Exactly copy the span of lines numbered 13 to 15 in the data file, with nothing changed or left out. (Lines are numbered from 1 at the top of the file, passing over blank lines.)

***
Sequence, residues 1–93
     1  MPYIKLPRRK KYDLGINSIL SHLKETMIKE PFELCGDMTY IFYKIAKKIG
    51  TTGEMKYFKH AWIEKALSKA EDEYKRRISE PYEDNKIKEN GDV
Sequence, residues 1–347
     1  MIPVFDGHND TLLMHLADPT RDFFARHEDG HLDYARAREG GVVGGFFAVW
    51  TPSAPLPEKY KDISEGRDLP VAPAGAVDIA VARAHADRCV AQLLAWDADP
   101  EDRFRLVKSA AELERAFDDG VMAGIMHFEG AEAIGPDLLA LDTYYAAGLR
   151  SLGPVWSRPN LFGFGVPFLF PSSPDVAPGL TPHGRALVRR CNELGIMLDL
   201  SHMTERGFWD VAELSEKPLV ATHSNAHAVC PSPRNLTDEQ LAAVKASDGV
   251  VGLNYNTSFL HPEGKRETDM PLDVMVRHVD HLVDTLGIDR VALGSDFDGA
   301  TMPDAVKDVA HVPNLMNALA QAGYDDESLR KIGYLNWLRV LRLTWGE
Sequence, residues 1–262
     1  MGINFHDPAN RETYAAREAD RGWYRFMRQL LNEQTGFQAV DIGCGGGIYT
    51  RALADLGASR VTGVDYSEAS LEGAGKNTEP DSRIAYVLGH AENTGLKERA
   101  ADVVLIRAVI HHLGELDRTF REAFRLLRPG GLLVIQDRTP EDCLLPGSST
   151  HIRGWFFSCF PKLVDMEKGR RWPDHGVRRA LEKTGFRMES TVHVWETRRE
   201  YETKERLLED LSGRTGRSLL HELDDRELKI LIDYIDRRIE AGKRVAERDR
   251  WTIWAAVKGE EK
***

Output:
     1  MGINFHDPAN RETYAAREAD RGWYRFMRQL LNEQTGFQAV DIGCGGGIYT
    51  RALADLGASR VTGVDYSEAS LEGAGKNTEP DSRIAYVLGH AENTGLKERA
   101  ADVVLIRAVI HHLGELDRTF REAFRLLRPG GLLVIQDRTP EDCLLPGSST